Appropriate test utilization is of paramount importance for radiologists, pathologists and geneticists, since there is a clear tendency to conserve resources and decrease the cost of diagnosis. In Radiology there is already a long tradition of using Decision Support Systems (DSS) based upon agreed appropriateness criteria put forward by organizations such as the American College of Radiology (ACR). There is no such tradition for pathology (laboratory) and genetics, but there is interest in forming Diagnostic Testing teams composed by expert clinical pathologists and clinicians, to explore AI applications for laboratory test optimization rather than DSS.

Innovation COE

Integrated Diagnosis affords a myriad of innovative ideas generated on a daily basis. A natural one is the establishment of a Molecular Diagnosis Program integrating the existing and already individually successful programs of molecular genetics, molecular pathology and molecular imaging. Another innovative idea is to integrate the image quantification efforts occurring in the three disciplines. The creation of hybrid disciplines such as Radiomics and Radiogenomics combine in a systematic fashion the core diagnostic specialties.

Computational Sciences COE

Since the basis of ID and thus of a Diagnostic Institute is the current computational revolution it is natural to focus on a COE dedicated to Computational Sciences programs: 1) applications of AI to Diagnostics, 2) integration of diagnostic analysis of Radiology and Pathology images and reporting systems, and 3) development of analysis, query and autonomous learning systems to enable cross-disciplinary research and data pattern recognition (1).

Barriers for Integrated Diagnosis

The reluctance to embrace a Diagnostic Institute as a vehicle for an ID rests primarily in the resistance to change by many physicians from radiologists, pathologists and referring physicians and sometimes hospital administrators. Fear to workload increases, commoditization of radiology and pathology reads and a thread to lose management prerogatives by some referring physicians are frequently mentioned.


We believe the integration of the core diagnostic specialties of Radiology. Pathology and Genetics in the form of a Diagnostic Institute offers a great opportunity, recently made possible due to technology advances, mainly in computational sciences. The integration of diagnostic information results primarily on better patient care and brings value lowering costs. In addition, affords unique collaborations in novel research and educational programs.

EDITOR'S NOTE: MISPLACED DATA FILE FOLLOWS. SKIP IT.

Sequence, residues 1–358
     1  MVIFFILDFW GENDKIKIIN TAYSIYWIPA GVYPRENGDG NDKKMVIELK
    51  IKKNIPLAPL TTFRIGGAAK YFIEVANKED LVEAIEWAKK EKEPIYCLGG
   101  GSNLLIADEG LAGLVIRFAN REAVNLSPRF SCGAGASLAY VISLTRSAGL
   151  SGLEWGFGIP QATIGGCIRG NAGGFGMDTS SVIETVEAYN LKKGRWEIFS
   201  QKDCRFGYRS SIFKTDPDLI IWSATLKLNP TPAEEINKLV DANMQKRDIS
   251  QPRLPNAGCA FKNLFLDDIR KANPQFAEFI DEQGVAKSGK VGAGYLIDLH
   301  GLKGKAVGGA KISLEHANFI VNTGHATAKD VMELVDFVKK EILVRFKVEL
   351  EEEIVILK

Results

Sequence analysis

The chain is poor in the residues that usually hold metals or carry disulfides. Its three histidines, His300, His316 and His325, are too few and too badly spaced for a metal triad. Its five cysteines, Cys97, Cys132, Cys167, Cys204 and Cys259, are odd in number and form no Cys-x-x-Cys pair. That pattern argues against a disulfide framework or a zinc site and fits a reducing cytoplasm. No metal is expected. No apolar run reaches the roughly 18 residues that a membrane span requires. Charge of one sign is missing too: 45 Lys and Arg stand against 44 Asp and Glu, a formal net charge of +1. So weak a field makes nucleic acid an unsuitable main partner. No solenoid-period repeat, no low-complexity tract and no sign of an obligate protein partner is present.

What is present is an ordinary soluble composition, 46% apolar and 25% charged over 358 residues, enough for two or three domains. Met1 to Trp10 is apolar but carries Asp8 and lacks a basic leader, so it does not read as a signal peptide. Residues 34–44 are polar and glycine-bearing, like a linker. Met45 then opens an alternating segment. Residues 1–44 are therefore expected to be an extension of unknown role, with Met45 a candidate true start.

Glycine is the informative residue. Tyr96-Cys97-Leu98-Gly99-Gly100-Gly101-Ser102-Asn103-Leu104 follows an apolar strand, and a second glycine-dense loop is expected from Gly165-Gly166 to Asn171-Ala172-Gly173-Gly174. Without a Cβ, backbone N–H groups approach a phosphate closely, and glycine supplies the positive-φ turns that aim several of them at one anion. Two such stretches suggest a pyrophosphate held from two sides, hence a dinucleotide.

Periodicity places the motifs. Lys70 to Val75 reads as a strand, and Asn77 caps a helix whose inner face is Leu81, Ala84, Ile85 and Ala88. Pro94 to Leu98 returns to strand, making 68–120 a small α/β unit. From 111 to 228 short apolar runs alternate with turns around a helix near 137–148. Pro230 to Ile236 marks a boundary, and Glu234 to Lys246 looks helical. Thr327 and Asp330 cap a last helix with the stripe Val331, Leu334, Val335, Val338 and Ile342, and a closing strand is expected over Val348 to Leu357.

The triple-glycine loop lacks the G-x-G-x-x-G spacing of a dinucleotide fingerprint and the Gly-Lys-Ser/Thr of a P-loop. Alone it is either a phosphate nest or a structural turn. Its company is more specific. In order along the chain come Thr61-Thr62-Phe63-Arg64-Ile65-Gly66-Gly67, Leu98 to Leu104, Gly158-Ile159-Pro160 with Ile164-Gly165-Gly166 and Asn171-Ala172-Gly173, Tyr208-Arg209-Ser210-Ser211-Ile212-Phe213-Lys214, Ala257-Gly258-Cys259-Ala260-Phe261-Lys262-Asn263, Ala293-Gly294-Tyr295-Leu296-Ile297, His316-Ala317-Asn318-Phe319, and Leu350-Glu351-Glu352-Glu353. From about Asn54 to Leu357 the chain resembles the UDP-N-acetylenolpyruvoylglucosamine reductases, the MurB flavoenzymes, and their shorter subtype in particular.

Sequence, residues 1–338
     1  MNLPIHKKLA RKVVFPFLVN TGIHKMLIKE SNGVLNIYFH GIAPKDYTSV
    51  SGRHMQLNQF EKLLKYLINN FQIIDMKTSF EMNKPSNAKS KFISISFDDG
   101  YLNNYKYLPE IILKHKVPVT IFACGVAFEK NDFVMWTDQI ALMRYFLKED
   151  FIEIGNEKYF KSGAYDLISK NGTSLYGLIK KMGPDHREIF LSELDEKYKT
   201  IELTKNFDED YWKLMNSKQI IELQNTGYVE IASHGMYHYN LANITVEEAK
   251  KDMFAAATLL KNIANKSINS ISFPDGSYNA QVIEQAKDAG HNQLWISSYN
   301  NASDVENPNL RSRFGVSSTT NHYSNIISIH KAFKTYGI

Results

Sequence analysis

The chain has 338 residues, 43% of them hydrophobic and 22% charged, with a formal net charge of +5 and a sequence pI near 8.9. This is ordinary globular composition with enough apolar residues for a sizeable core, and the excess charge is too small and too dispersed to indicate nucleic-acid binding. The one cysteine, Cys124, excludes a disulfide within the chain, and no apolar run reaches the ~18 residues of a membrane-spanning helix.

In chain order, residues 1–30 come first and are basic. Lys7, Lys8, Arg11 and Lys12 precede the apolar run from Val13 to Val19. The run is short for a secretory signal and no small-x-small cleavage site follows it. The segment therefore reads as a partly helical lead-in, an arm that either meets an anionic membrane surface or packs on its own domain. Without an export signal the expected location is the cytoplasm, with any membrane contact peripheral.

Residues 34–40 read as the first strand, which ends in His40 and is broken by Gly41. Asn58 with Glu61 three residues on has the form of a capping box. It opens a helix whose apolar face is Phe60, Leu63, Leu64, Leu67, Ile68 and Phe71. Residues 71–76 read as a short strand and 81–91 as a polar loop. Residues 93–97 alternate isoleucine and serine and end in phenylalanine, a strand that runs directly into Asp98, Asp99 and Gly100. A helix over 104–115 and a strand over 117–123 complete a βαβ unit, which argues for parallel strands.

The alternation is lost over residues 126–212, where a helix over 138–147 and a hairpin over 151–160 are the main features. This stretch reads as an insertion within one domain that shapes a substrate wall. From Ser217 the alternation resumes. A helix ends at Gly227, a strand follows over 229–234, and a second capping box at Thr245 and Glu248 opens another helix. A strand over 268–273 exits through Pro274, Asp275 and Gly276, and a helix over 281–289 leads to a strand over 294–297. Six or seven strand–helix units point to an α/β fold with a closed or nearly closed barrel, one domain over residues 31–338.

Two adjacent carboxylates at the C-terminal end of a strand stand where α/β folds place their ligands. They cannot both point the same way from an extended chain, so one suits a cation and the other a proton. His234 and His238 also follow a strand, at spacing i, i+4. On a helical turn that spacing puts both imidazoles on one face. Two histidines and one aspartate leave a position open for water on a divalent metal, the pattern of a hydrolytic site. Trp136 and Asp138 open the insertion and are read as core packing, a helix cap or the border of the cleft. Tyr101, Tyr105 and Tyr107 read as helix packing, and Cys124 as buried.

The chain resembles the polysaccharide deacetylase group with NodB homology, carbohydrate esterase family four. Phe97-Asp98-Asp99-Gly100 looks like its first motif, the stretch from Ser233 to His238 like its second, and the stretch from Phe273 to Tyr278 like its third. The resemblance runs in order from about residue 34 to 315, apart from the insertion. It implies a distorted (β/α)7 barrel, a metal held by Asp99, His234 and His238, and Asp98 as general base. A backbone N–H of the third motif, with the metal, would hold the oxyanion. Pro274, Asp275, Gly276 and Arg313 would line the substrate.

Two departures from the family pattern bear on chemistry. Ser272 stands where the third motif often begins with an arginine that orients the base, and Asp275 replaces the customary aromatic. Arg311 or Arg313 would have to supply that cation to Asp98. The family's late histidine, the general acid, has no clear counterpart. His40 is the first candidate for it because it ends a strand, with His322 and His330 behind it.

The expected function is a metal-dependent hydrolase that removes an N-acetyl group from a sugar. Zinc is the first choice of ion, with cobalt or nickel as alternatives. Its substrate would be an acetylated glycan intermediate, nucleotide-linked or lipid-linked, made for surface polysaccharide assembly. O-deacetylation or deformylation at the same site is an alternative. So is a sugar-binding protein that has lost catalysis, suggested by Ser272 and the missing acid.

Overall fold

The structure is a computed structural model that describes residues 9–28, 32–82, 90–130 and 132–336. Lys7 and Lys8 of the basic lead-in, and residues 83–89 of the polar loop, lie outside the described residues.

1. Lundstrom CF, Gilmore HL, Ros PR: Integrated Diagnosis: The Computational Revolution Catalyzing Cross-Disciplinary Practices in Radiology, Pathology and Genomics. Radiology 2017; 285:12-15
  2. Murphey MD, Madewell JE, Olmsted WW, Ros PR, Neiman HL{ A History of Radiologic Pathology Correlation at the Armed Forces Institute of Pathology and Its Evolution into the American Institute for Radiologic Pathology. Radiology, 2012; 262: 623-634
  3. Sorace J, Aberle DR, Elimam D, Lawvere S, Tawfik O, Wallace WD. Integrating pathology and radiology disciplines: an emerging opportunity? BMC Med 2012; 10: 100.
  4. Stump, E: Columbia’s Neurological Institute Celebrates its Centennial Neurology Today 2009; 9, 23: 1-4
  5. Braunwald, E: Departments, Divisions and Centers in the Evolution of Medical Schools. AM J Med 2006; 119, 6: 457-462
  6. Elrod JK, Fortenberry JL. Centers of excellence in healthcare institutions: what they are and how to assemble them. BMC Health Serv Res 2017; 17(Suppl 1): 425.
  7. Muroff LR:  Implementing an effective organization and governance structure for a radiology practice. JACR 2004; 1,1: 26–32
  8. Sanfilippo F, Burns KH, Borowitz MJ, Jackson JB, Hruban RH. The Johns Hopkins Department of Pathology Novel Organizational Model: a 25-year-old ongoing experiment. Acad Pathol 2018; 5.


El autor/a de este artículo declara no tener ningún tipo de conflicto de intereses respecto a lo expuesto en la presente revisión.

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Autor para la correspondencia
Pablo R. Ros
Real Academia Nacional de Medicina de España
C/ Arrieta, 12 · 28013 Madrid
Tlf.: +34 91 159 47 34 | E-Mail: pablo.ros@stonybrookmedicine.edu
Anales RANM
Año 2019 · número 136 (02) · páginas 99 a 102
Enviado*: 11.06.19
Revisado: 20.06.19
Aceptado: 27.07.19
* Fecha de lectura en la RANM